Today is the first day of fall, a fact that I discovered thanks to the Google doodle that showed a cute hedgehog that rained leaves when I clicked it. Unlike many of my friends and family members, I cannot see the signs of fall IRL because I live on Maui and there is no typical autumn weather in Hawaii. I am not here to complain about living in a tropical paradise, but I will share a few ways that you can enjoy a taste of autumn on the islands!
Visit the Pumpkin Patch at Kula Country Farms
To my surprise, pumpkins can grow on Maui! In fact, Kula Country Farms grows thousands of them and has this wonderful Pumpkin Patch that you can explore for just $5 per person. Pumpkins are suprisingly afordable too, for as little as $15 for a large pumpkin and less for smaller ones.
Although the Pumkin Patch is geared towards children, it has amazing fall and Halloween-themed treats and products for people of all ages. Plus, the views of the island are breathtaking! You can buy a delicious PSL here and check out the pet tortoise that lives with cute bunnies.
Leaves Changing Color on Maui
If you are coming from a place like New England, where something as natural as leaves changing color brings hordes of leaf-peeping tourists, you will be wildly disappointed by autumn on Maui. Most plants and flowers here are evergreen or everred for that matter. The local flora and fauna comes in every shade of color imaginable and most doesn’t wilt at this time of year.
However, some trees do shed leaves and change in a way that mildly resembles that typical fall landscape. If you look for something hard enough, you will find it! These pictures are borrowed from a wonderful blog, the Aloha Journal, make sure to check out their full selection of photos of fall colors on Maui.
I actually experienced some of this first hand at Paia Bowls, they had great coffee too, although they didn’t offer the next thing on my list (although it wasn’t technically autumn yet!)
Pumpkin Spice Drinks
So many coffee shops, coffee trucks, and cafes keep their regular menus throughout fall, but it’s not impossible to find something pumpkin-spiced. Of course, there is always Starbucks and their overpriced mainstream beverages. If you want something more local, I definitely recommend Maui Coffee Roasters.
They have different daily specials so you can call ahead and see if or when they’ll be offering pumpkin-spiced drinks, otherwise they do sell bags of Pumpkin Spice coffee that you can brew at home!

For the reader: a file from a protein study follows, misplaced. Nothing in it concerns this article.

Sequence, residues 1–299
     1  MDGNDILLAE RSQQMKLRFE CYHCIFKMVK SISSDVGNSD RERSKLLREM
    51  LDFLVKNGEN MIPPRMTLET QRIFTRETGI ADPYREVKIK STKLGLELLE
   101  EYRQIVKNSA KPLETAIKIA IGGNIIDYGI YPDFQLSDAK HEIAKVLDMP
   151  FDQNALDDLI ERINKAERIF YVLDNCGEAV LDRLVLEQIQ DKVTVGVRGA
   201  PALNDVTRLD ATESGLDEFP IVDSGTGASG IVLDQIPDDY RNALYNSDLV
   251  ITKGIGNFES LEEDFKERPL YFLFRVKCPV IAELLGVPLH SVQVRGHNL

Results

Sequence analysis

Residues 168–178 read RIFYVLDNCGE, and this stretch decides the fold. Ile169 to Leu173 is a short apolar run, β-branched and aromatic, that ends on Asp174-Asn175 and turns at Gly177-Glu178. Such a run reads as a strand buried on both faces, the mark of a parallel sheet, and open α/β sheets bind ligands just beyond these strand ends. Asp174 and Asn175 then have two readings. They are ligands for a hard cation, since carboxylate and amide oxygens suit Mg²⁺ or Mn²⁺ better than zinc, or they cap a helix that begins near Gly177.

When I asked several locals about Halloween, they told me it wasn’t really celebrated in Hawaii. Maybe they didn’t intend to lie, but this turned out to be untrue. Of course, Halloween isn’t a cultural Hawaiian holiday and you should really try celebrating something local instead, like Aloha Festivals Month. But, if you are itching to dress up and beg for candy (I know, I am!) then head over to Lahaina.
According to Maui Accommodations, Halloween in Lahaina is comparable to Mardi Gras of the Pacific. There is an annual celebration that draws 25,000 people every year, that’s a fourth of the population of Maui, although visitors likely make up a large part of it. There are kid-friendly activities but also a Halloween Costume Parade.
There is even an adult costume contest and other events that are geared towards adults later on. It sounds like a lot of fun and I hope to attend! Do keep in mind that the parade may be canceled in 2021 due to COVID.
In addition to the parade, there are also haunted houses and other spooktacular events organized by local businesses. I’m still trying to convince my husband to take me to the Maui Haunted Hunt, but he apparently doesn’t enjoy being chased and scared while laser shooting monsters like I do.
Even here on Maui, it does get colder during fall. This doesn’t mean you’ll need a coat unless you are going up to Haleakala where it is freezing all year round. If you are by the beach somewhere, you won’t notice the temperature change just yet. But upcountry in Kula or Haiku, the lower temperature can be felt, especially in the mornings and evenings.
What to Expect on Maui During Autumn
There are many ways to recreate fall on Maui, but what should you actually expect during this time period? There are generally fewer tourists and it is hurricane season (June 1st – November 30th.) It may rain more than it does in the summer, but the rainy season doesn’t officially begin until mid-November.
It should be noted that the rainy season is also rainbow season here in Hawaii! The temperature difference is noticeable, even on the first day of fall, but if you are coming from the mainland you won’t really notice. Locals, on the other hand, may begin wearing warmer clothes.
Isaac works in Kula and needs to wear a jacket and pants to stay warm in the mornings as he is mostly outdoors. Don’t mock, acclimation happens fast and even though we’ve only been here for two months, our bodies are already used to tropical weather where a low of 71°F (21°C) in the evening in Haiku feels chilly!
Summary: Experiencing Fall on Maui
You won’t experience true fall here on Maui, which is a little sad, but it’s the price you pay to live in this tropical paradise. For a better fall destination consider New England, the more you go north, the better. However, if you are living here like me and feel nostalgic, there are ways to get into the autumn spirit, such as wearing fall-themed earrings!
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